Early and Recent History and Genealogical Records
of Many of the Representative Citizens
MAJOR WILLIAM MARION WEAVER. For many reasons Major William Marion Weaver, a venerable pioneer of Springfield, is entitled to specific mention in the present historical compendium, not the least of which reasons is the fact that he enjoys the distinction of being the only survivor of the Mexican war in Greene county, and in fact, one of the few men still living in Missouri who engaged in that memorable conflict sixty-seven years ago, within itself a span of years longer than is vouchsafed to but comparatively few men. He is one of our oldest native-born citizens, being the second white child born in the county.
Major Weaver was born April 25, 1830, in Greene county, Missouri, and is a son of Samuel and Rhody (Fulbright) Weaver, she having been the only daughter in a family of thirteen children. Samuel Weaver was a native of North Carolina, where he spent his earlier years, finally emigrating to Missouri and settling in Greene county, and was the founder of Delaware town. His death occurred in 1833, when our subject was an infant. The mother of our subject was also a native of North Carolina and her death occurred in Greene county, Missouri, at the birth of Major Weaver. These parents were married in Tennessee, where they settled when young with their parents, and soon after their marriage they emigrated to Missouri, with our subject's maternal grandparents. Samuel Weaver and wife received limited educational advantages, and they spent their lives on a farm. To them only one child was born. Our subject's paternal grandfather, Jacob W. Weaver, was born in Normandy, France, from which country he emigrated to the United States with Gen. Lafayette, and he served in the Revolutionary war under Lafayette for several years, and after the conflict he located in North Carolina. His name was originally Weber, in German, he having been of Teutonic blood, but the name was subsequently changed to the English spelling, Weaver. He married a North Carolina woman and they reared three children, namely: Samuel, father of our subject, Robert and Fred. The parents of these children spent their lives on a farm in the old Tar State, and so far as known, died there. William Fulbright, the maternal grandfather of our subject, was also a native of North Carolina, as was also his wife, Ruth Hollingsworth, and they grew to maturity in that state and were married there. To them thirteen children were born the mother of our subject having been the fourth in order of birth. From North Carolina this family removed to Tennessee, but did not remain there long, coming on to Missouri in 1829, and in the autumn of that year Mr. Fulbright settled the land on which the main portion of Springfield is now -located, from the "Jordan" or properly Wilson's creek on the north and west to Campbell street on the east and the old "wire road" on the south. Mr. Fulbright became a prosperous farmer and owned about thirty slaves. He was widely known among the frontiersmen. Physically he was a very large man, weighing about three hundred pounds. He was very hospitable and visitors were always welcome at his board. His death occurred when Major Weaver was about thirteen years of age.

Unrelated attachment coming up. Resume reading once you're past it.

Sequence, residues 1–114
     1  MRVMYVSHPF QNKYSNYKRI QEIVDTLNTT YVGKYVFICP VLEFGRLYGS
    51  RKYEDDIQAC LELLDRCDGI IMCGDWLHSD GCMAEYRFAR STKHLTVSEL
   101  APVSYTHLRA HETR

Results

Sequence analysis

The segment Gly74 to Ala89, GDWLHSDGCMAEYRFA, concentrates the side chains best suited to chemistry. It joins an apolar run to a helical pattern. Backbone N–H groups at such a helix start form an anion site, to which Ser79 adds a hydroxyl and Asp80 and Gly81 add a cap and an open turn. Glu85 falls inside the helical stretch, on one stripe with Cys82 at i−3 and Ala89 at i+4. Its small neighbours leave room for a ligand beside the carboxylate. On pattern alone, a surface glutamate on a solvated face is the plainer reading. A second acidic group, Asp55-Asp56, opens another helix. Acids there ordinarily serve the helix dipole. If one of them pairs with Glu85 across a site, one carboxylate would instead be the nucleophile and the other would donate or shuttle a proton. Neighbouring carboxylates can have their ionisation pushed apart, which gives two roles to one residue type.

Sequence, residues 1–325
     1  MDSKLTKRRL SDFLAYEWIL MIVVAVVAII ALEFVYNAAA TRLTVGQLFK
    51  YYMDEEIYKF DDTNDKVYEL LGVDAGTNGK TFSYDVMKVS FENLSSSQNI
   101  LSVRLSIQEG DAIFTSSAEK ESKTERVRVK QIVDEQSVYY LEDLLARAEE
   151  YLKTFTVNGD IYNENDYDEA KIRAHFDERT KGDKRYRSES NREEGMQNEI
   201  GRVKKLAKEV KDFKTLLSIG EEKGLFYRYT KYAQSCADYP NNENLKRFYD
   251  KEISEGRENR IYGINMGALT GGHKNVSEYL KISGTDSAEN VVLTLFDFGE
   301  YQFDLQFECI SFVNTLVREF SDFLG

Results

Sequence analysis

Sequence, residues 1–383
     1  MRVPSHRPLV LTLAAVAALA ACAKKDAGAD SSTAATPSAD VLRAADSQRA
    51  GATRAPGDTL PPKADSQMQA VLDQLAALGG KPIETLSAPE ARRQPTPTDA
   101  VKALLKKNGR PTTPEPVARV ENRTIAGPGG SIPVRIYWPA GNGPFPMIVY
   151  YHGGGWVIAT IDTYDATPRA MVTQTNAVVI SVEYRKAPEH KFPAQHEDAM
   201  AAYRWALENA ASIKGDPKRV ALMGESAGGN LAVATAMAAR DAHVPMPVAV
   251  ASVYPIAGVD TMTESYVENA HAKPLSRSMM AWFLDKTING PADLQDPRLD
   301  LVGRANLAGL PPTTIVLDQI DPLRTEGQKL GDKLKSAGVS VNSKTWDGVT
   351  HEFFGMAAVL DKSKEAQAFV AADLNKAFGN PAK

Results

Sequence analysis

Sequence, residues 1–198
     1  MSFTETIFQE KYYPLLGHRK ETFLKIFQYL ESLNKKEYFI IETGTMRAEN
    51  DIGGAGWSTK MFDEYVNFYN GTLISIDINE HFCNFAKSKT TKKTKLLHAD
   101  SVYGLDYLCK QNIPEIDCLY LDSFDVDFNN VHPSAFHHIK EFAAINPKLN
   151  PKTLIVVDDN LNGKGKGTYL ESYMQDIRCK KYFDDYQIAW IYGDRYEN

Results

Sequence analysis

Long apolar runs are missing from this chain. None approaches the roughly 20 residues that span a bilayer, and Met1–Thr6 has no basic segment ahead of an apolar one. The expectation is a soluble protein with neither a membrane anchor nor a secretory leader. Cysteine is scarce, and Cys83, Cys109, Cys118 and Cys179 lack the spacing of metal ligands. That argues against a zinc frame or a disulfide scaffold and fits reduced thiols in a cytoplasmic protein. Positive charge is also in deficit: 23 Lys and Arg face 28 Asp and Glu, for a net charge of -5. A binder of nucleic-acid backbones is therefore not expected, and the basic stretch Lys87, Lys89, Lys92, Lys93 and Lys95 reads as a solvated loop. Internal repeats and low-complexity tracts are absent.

As stated in a preceding paragraph Major Weaver was the second white child born in the county, his uncle, Col. Daniel N. Fulbright, being the first, both first seeing the light of day in the same house, there being only three months difference to a day in their ages. Our subject grew to manhood in his native community. Being left an orphan when an infant he was reared in the home of his grandparents, the Fulbrights. When he became of proper age he attended the subscription school in an old-fashioned log cabin that was located on what is now College street. School lasted but a few months during the winter, and his education was meager, however, he has since become a learned man through wide reading and contact with the world. The day he was seventeen years of age, April 25, 1847, he enlisted for service in the Mexican war, and on June 14th following went to the front. It was about the middle of May that year when one hundred and nine young men left Springfield, he being among them, with instructions to proceed at once to Independence, Missouri, the nearest mobilization point. They represented some of the best families in southwestern Missouri. This band of youthful patriots who composed Company G, Third Missouri Mounted Volunteers, was made up almost wholly of young fellows from around Springfield, which at that time was little more than a crossroads with a store and a blacksmith shop. They were under command of Col. John Ralls, of Ralls county, who was regimental commander under Gen. Zachary Taylor. In 1848 half of the men in Company G returned home. Lieutenant Robert Love, a brother of Thomas Love, who is now a resident of Springfield and a former postmaster here, died en route overland to Santa Fe. The others responded to the final and eternal ring of taps on the battlefield. Fourteen went down in one battle with the Mexicans. Major Weaver is the only man left of the one hundred and nine in that company, and although eighty-five years of age, is well preserved and vigorous. He was one of the young men to enlist with the first Missouri troops and he was among the last to be mustered out in Independence after the Stars and Stripes had been planted on the citadel of the Montezumas. His memory of the incidents of the overland trip to the border, of the movements of General Taylor's troops, and of the various incidents of the war is as clear as if it were but yesterday that the happenings took place.